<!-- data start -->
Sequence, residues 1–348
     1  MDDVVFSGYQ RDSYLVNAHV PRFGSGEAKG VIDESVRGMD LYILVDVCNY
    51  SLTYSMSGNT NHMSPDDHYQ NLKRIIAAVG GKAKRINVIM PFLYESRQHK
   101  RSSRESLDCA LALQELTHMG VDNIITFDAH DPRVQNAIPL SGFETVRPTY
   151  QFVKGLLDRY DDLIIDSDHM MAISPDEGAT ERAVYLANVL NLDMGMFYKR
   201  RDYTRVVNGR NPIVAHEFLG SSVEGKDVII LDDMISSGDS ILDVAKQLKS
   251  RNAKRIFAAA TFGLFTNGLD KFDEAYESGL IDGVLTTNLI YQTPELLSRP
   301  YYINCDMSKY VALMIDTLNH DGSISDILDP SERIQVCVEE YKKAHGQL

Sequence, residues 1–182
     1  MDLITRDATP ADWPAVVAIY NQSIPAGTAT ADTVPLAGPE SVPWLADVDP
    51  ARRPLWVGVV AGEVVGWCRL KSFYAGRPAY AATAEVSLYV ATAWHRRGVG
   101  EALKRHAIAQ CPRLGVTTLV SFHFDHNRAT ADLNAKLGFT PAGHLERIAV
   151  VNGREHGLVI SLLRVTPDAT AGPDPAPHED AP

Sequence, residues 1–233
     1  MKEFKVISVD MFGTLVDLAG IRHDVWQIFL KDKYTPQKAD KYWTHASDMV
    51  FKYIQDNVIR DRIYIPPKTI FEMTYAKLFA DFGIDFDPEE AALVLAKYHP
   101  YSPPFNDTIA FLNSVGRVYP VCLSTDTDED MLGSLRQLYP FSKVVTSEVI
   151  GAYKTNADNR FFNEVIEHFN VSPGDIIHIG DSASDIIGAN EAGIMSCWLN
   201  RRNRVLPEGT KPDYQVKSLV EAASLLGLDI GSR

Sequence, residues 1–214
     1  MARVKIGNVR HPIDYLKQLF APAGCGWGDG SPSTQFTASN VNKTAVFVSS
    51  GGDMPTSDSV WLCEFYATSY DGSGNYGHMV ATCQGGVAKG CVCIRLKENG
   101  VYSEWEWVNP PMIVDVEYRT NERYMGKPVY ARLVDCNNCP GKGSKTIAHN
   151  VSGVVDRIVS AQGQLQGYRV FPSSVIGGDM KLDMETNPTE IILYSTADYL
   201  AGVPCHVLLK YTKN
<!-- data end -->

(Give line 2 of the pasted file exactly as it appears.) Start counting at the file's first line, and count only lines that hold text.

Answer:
     1  MDDVVFSGYQ RDSYLVNAHV PRFGSGEAKG VIDESVRGMD LYILVDVCNY